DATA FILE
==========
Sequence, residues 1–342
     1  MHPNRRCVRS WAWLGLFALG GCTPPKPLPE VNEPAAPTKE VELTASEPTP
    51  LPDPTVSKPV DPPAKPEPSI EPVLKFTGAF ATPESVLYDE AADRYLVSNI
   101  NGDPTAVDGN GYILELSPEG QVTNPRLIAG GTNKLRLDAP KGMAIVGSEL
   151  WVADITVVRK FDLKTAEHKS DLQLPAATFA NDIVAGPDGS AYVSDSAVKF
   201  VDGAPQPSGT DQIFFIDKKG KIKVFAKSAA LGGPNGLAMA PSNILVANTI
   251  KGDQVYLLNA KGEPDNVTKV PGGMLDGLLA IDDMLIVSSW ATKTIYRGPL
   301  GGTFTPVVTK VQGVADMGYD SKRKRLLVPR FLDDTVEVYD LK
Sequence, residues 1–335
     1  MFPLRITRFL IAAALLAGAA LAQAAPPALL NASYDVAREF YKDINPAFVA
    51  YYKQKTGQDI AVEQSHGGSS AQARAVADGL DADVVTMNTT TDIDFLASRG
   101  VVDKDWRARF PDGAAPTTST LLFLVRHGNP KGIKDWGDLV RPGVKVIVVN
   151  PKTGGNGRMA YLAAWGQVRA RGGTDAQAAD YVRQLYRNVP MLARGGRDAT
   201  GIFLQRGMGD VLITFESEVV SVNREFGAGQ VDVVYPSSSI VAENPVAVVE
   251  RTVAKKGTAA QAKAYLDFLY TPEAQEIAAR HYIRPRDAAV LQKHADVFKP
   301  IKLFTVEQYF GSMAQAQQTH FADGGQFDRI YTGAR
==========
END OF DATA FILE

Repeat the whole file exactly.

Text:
Sequence, residues 1–342
     1  MHPNRRCVRS WAWLGLFALG GCTPPKPLPE VNEPAAPTKE VELTASEPTP
    51  LPDPTVSKPV DPPAKPEPSI EPVLKFTGAF ATPESVLYDE AADRYLVSNI
   101  NGDPTAVDGN GYILELSPEG QVTNPRLIAG GTNKLRLDAP KGMAIVGSEL
   151  WVADITVVRK FDLKTAEHKS DLQLPAATFA NDIVAGPDGS AYVSDSAVKF
   201  VDGAPQPSGT DQIFFIDKKG KIKVFAKSAA LGGPNGLAMA PSNILVANTI
   251  KGDQVYLLNA KGEPDNVTKV PGGMLDGLLA IDDMLIVSSW ATKTIYRGPL
   301  GGTFTPVVTK VQGVADMGYD SKRKRLLVPR FLDDTVEVYD LK
Sequence, residues 1–335
     1  MFPLRITRFL IAAALLAGAA LAQAAPPALL NASYDVAREF YKDINPAFVA
    51  YYKQKTGQDI AVEQSHGGSS AQARAVADGL DADVVTMNTT TDIDFLASRG
   101  VVDKDWRARF PDGAAPTTST LLFLVRHGNP KGIKDWGDLV RPGVKVIVVN
   151  PKTGGNGRMA YLAAWGQVRA RGGTDAQAAD YVRQLYRNVP MLARGGRDAT
   201  GIFLQRGMGD VLITFESEVV SVNREFGAGQ VDVVYPSSSI VAENPVAVVE
   251  RTVAKKGTAA QAKAYLDFLY TPEAQEIAAR HYIRPRDAAV LQKHADVFKP
   301  IKLFTVEQYF GSMAQAQQTH FADGGQFDRI YTGAR